Sea Bream (Archosargus rhomboidalis)


Numerous members of the Sparidae family that are found in temperate and tropical waters are referred to as sea bream, or seabream. They are related to porgies, have moderate to important significance commercially (depending on abundance and geography), and are commonly caught by inshore anglers. These fish are tough, dogged fighters that are commendable on appropriate light tackle, and they rate as excellent table fare. The more commonly distributed and popular species are noted here.

The sea bream (Archosargus rhomboidalis) appears in the western Atlantic Ocean from the northeastern Gulf of Mexico to Argentina, including the Caribbean and the West Indies. Its bluish back is streaked with gold, the belly is silvery, and there is a black spot on each side just above the pectoral fins.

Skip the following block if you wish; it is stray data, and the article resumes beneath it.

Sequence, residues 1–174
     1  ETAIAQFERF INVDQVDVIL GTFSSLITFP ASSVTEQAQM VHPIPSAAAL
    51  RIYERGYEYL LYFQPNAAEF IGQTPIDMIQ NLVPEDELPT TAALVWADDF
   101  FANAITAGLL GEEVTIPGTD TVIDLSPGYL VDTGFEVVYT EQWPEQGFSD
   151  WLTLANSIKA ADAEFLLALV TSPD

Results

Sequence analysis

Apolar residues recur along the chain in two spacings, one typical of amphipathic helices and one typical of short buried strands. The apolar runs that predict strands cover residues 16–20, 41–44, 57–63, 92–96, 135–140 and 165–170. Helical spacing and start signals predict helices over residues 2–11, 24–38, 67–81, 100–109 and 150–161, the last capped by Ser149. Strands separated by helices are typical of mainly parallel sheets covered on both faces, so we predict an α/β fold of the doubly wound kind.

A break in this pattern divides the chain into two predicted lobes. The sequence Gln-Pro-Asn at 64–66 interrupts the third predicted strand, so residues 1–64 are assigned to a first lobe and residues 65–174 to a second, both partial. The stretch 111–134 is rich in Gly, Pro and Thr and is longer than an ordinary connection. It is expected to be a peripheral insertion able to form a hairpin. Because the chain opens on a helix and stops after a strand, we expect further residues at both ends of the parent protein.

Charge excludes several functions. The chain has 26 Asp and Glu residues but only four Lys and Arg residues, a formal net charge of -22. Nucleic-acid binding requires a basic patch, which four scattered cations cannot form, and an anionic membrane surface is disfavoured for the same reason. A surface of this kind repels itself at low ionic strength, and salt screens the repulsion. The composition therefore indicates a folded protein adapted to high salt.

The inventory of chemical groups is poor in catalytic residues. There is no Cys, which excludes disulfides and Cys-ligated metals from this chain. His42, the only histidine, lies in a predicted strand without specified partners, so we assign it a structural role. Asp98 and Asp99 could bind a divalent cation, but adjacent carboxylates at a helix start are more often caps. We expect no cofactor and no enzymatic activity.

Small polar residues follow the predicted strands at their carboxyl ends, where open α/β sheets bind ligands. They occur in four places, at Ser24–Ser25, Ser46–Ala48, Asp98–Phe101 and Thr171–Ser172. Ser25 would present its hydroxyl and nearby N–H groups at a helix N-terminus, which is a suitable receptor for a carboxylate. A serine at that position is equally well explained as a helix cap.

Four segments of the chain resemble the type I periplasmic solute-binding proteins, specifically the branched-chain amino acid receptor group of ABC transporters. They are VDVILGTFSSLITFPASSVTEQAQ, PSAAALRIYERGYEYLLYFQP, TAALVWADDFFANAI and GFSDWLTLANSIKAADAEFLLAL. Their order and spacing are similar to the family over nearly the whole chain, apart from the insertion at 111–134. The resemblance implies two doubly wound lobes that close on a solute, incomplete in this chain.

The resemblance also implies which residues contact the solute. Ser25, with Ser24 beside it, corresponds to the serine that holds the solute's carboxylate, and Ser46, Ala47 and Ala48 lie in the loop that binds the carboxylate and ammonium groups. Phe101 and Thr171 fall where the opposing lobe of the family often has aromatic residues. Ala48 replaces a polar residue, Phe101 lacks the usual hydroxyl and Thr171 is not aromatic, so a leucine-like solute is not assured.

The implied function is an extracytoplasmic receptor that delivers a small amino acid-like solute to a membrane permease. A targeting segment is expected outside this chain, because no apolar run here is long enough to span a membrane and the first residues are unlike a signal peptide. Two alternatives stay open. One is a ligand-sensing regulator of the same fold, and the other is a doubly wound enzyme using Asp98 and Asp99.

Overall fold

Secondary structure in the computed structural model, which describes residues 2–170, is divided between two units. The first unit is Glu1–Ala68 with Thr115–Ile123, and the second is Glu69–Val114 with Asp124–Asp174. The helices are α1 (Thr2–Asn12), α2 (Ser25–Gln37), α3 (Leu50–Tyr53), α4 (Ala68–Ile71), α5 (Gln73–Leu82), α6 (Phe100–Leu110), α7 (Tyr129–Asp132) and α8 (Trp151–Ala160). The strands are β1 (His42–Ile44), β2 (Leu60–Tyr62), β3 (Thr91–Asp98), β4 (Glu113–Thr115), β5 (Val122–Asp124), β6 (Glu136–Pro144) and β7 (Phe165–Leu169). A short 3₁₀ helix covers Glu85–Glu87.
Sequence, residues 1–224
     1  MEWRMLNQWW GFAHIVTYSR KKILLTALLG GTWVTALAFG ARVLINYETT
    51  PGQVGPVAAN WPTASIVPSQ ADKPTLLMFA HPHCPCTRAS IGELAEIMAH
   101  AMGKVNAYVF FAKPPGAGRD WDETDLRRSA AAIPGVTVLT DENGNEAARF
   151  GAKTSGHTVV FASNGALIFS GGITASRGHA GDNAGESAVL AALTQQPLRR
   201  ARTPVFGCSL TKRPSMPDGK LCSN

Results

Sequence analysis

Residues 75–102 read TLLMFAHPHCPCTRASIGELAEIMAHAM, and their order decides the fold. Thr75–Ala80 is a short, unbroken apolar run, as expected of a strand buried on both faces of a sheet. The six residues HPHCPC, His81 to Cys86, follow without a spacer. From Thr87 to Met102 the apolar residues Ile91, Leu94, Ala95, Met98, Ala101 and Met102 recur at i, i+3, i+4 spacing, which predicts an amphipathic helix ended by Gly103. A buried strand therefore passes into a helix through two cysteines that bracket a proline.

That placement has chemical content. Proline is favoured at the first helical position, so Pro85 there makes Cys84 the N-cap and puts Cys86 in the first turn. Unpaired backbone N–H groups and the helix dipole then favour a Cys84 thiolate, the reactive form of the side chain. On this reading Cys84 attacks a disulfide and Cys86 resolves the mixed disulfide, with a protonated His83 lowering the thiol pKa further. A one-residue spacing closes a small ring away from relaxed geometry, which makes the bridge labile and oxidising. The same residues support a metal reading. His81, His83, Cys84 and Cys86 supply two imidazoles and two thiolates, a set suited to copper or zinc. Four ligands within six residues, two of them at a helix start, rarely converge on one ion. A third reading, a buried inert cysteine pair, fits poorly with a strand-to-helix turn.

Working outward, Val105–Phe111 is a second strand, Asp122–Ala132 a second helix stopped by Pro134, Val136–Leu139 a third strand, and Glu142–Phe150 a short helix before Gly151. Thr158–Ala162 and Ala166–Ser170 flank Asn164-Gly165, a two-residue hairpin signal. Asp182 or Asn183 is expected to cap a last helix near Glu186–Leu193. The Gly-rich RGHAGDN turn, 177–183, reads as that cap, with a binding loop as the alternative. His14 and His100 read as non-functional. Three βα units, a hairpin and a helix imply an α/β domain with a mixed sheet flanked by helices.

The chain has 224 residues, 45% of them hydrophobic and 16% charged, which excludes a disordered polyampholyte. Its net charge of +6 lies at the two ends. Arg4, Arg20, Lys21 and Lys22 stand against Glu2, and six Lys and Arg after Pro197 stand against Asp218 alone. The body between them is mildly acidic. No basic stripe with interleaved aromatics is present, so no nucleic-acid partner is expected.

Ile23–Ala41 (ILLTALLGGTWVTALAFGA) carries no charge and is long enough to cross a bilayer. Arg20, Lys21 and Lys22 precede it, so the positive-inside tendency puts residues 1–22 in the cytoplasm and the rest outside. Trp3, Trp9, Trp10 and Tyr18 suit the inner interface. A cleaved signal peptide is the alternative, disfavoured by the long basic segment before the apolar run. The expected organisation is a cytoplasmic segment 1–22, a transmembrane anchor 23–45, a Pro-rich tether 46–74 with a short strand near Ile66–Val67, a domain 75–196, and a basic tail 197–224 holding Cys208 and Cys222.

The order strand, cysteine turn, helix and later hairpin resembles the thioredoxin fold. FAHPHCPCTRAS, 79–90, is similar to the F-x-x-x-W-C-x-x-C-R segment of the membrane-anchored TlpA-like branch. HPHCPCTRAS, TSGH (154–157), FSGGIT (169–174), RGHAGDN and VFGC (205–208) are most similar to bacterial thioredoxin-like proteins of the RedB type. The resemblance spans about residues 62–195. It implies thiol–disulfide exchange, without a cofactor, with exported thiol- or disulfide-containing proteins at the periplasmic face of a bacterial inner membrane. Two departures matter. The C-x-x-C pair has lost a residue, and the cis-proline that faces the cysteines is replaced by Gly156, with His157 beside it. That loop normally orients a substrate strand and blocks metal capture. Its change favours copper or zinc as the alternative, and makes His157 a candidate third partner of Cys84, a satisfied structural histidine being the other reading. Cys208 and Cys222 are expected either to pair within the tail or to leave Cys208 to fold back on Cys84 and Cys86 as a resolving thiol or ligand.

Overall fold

Most sea bream can reach a maximum weight of between 7.5 and 10 pounds, but on average they weigh between 1 and 2 pounds. The sea bream of the western Atlantic is rarely more than a foot long.

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Bream are largely omnivorous and feed on crustaceans; crayfish; mollusks, including oysters and mussels; small fish; worms; and algae. Some will also eat bread, chicken gut, mullet gut, cheese, and meat, all of which are sometimes used for bait.


Some sea bream are abundant in estuaries, and some are found in deeper, offshore waters. Some move up into brackish water but not into fresh-water. In the estuarine environment, bream frequent seagrass beds, underwater reefs and rocks, bridge pilings that grow mussels, and oyster beds.

a group of Sea Bream (Archosargus rhomboidalis)

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